What is Australia's Privacy Act, and How is it Affecting Businesses?
The Australian Privacy Act was created in 1988 but has been updated continuously since then to keep up with evolving technology. A revision to the act has been in the works since 2019. It uses 13 Australian Privacy Principles (APPs) to regulate how both businesses and governments handle personal information.
According to the Australian Privacy Act, personal information is any information tied to an identifiable individual, regardless of its form or whether that information is true. Any business that handles personal information in Australia should be aware of the Australian Privacy Act, and the relevant legislation they must comply with.
Examples of Personal Information Include:
- Date of Birth
- Phone Number
- Bank Account Number
- Location Information
- IP addresses
Who Must Comply with the Australian Privacy Act?
Companies in Australia must comply with the Australian Privacy Act, but many companies outside of Australia are subject to the act as well. If a company has an “Australian link” the APPS extend to their acts as well. This “Australian Link” can consist of many things, including:
- An organization with an Australian citizen, or individual present in Australia without legal time limitations
- An organization with a partnership or trust created in Australia
- An association with central management in Australia
- An organization that “carries on business” (regularly conducts formal enterprise) in Australia
- An organization that collects or stores personal information in Australia
If you collect information from an individual who resides in Australia, even if the website you use or your business is incorporated elsewhere, it’s safe to assume that personal information is subject to the Australian Privacy Act.
How to Comply with the Australian Privacy Act
The Australian Privacy Act is centered around the 13 Australian Privacy Principles (APPs) that apply to every organization subject to the Australian Privacy Act. This law is principle based and technology neutral, made to address issues at a high level instead of keeping up with constantly evolving technologies. If you want to read them all in their entirety, you can visit the Australian Governments' website here. For easy navigation, here’s a list of what each APP covers, a short overview of its purpose, and a link to in-depth guidelines from the Australian Government:
The object of APP 1 is to ensure that businesses manage personal information in an open and easily accessible manner, namely, having transparent privacy policies that adhere to APP guidelines.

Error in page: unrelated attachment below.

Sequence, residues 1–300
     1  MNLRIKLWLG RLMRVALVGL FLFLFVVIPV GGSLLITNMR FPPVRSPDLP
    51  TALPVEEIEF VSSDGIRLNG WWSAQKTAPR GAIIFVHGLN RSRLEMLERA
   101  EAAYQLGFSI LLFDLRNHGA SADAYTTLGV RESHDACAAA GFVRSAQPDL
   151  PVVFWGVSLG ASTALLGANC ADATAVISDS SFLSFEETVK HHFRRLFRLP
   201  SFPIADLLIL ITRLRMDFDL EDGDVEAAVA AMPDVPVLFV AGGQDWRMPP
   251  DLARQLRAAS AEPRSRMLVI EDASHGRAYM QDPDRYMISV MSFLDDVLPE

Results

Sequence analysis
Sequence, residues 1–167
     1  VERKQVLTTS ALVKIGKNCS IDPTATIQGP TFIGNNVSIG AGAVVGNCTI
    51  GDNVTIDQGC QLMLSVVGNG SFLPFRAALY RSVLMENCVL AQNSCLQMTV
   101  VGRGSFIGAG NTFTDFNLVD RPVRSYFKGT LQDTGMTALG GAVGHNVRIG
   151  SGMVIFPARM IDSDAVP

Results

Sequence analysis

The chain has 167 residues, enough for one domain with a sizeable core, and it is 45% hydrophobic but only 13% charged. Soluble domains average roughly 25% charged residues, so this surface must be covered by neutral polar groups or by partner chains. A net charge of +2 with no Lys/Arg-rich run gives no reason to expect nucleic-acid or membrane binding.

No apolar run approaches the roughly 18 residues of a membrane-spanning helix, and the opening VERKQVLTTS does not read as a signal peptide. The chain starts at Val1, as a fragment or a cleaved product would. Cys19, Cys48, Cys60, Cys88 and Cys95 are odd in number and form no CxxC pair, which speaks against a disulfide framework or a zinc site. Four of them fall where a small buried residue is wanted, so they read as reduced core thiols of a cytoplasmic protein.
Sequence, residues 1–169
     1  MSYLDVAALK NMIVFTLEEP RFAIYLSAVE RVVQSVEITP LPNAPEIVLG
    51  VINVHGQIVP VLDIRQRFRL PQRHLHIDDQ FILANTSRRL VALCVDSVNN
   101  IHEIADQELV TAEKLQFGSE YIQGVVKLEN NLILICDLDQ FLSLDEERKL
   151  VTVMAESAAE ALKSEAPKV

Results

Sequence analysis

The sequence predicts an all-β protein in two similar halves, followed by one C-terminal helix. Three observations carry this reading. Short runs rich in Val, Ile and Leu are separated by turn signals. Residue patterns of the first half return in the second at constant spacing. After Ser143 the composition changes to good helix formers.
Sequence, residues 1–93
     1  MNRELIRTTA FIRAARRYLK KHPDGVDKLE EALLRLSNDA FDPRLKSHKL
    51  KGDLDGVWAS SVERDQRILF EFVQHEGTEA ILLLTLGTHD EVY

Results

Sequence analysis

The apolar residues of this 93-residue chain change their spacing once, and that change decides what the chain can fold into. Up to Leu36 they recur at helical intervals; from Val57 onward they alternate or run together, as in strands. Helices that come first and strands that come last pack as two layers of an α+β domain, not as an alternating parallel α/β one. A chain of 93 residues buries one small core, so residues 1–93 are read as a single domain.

The object of APP 2 is to give individuals the opportunity to stay relatively anonymous, or use pseudonyms, when they wish.
The object of APP 3 is to clearly outline when and how organizations can collect personal information, especially sensitive information.
The object of APP 4 is to clearly outline how organizations must handle personal information that has not been solicited, but has been obtained.
The object of APP 5 is to ensure that organizations that collect personal information notify the individuals whose information they take.
The object of APP 6 is to outline how organizations can use, or disclose, the personal information they collect.
The object of APP 7 is to define how organizations can use personal information for direct marketing purposes.
The object of APP 8 is to ensure personal information is adequately protected before it is transmitted overseas.
The object of APP 9 is to limit the situations where organizations can use government identifiers for internal identifiers or disclose individual’s government identifiers.
The object of APP 10 is to ensure that organizations take the relevant steps to keep personal information accurate and up to date.
The object of APP 11 is to outline the steps organizations need to take to secure personal information from misuse and loss.
The object of APP 12 is to outline an organization’s obligations when an individual requests access to the personal information gathered and held by the organization.
The object of APP 13 is to outline an organization’s obligations to correct personal information.
Serious or repeated violations of these guidelines can result in penalties of up to $1.8 million. If your organization operates within Australia, or handles the personal information of individuals in Australia, you should be aware of all your responsibilities under the Australian Privacy Act. As updates to the Australian Privacy Act are in their final stages, now is the time to check to make sure you’re following all the current Australian Privacy Principles (APPs).